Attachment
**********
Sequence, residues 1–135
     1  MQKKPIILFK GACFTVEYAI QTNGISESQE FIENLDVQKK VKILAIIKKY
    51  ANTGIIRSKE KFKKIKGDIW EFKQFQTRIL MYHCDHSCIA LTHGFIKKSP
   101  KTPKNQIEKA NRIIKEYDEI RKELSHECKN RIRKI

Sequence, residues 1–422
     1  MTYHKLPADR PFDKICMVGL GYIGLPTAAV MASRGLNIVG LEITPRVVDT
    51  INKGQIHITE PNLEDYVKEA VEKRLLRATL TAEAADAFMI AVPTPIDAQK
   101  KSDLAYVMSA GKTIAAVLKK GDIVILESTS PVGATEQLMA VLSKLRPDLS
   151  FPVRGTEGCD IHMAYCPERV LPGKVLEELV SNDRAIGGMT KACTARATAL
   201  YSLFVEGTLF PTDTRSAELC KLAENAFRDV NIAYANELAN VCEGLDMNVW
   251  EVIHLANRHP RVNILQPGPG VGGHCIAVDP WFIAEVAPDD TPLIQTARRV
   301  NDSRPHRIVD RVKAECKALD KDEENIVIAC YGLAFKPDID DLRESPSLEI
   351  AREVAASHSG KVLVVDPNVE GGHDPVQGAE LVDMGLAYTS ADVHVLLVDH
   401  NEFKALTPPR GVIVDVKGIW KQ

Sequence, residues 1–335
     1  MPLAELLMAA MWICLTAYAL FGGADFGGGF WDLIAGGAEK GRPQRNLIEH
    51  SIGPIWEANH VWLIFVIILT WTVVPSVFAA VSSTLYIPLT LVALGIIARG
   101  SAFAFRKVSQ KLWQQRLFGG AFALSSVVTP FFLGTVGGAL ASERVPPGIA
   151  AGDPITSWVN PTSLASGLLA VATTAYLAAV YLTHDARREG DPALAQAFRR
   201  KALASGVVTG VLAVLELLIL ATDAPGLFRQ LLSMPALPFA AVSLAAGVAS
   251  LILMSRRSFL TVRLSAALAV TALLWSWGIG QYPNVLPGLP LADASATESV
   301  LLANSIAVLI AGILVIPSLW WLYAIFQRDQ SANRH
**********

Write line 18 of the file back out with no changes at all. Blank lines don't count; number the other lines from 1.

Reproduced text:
   101  SAFAFRKVSQ KLWQQRLFGG AFALSSVVTP FFLGTVGGAL ASERVPPGIA